Moroccan Premier Forms Government, Ending 5-Month Crisis

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Morocco's Prime Minister Saadeddine El Othmani succeeded in building a governing coalition Saturday, ending a damaging five-month political deadlock just eight days after taking office.

El Othmani, 61, of the Islamist Party for Justice and Development, or PJD, announced in a press conference in Rabat that an agreement had been reached with six political parties to form a coalition government.

"We will proceed step by step," El Othmani, No. 2 in the PJD and a former foreign minister, told The Associated Press after the announcement.

"Now that we have defined the members of the government coalition, three steps remain: defining the flowchart and structure of government, then the ministerial portfolios, and then the ministerial departments that each party in the coalition will manage."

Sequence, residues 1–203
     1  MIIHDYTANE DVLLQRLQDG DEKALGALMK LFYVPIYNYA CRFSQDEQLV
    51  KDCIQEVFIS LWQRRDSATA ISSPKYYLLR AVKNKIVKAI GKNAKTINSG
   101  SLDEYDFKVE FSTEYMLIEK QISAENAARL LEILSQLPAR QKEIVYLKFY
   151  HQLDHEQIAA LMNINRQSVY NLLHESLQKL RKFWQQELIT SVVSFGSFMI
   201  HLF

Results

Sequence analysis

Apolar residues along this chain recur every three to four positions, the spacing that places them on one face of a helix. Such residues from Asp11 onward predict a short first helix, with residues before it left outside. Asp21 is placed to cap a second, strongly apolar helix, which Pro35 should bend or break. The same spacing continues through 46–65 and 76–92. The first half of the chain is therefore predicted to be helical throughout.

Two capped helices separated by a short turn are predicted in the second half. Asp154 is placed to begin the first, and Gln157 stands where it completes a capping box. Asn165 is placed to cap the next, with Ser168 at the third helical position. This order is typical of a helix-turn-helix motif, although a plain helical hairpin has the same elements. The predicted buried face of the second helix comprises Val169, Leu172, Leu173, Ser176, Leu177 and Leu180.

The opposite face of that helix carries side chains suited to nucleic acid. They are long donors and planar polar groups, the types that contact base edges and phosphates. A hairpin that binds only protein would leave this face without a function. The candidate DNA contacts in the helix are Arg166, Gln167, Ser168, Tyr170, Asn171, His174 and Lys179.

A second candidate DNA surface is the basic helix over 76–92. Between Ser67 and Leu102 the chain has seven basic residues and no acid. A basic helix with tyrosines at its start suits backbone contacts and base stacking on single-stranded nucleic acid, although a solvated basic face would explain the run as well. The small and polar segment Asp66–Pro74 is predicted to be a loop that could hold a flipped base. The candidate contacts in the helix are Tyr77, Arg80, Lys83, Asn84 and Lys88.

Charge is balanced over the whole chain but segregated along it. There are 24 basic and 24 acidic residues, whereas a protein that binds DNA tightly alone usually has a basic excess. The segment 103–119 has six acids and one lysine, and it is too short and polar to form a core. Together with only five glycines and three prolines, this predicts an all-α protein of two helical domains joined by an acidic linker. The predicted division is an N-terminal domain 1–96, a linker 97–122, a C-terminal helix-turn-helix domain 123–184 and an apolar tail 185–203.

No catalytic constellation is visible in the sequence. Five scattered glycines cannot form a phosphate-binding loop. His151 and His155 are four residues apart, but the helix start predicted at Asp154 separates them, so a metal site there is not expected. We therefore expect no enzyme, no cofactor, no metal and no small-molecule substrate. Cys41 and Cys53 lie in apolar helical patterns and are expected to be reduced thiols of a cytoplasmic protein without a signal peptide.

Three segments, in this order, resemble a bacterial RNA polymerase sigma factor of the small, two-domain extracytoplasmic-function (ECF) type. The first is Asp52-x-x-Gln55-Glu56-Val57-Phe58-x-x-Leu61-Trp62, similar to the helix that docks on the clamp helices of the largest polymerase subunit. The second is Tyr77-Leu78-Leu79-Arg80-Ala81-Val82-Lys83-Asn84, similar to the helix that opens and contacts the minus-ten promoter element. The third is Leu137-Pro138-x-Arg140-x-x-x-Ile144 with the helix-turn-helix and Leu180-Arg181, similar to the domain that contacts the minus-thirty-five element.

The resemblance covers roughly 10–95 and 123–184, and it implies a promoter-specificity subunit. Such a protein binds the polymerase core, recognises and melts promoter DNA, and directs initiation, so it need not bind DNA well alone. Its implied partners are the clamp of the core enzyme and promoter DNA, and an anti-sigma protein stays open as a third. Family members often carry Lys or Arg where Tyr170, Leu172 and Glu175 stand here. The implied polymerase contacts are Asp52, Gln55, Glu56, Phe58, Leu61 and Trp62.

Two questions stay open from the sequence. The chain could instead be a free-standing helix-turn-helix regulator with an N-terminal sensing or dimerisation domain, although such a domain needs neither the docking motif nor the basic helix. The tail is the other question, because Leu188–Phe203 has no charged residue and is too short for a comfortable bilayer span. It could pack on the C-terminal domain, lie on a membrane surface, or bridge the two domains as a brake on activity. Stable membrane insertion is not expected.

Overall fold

Othmani moved swiftly after his March 17 appointment to bridge differences with rival parties.

His moderate Islamist party won parliamentary elections in October but didn't win enough seats to govern alone. El Othmani's predecessor Abdelilah Benkirane failed to build a coalition and alienated potential partners.

The protracted crisis was hurting the economy and Morocco's image, and the king fired him this month in an unusual intervention.

The new six-party coalition includes the PJD, pro-market parties RNI and UC, conservative MP party and the socialist parties USFP and PPS. Together they hold 240 seats in the 395-seat House of Representatives lower house of parliament.

The Cabinet's ministers are chosen by the prime minister, after consultation with other parties forming the government coalition, then appointed by the king.

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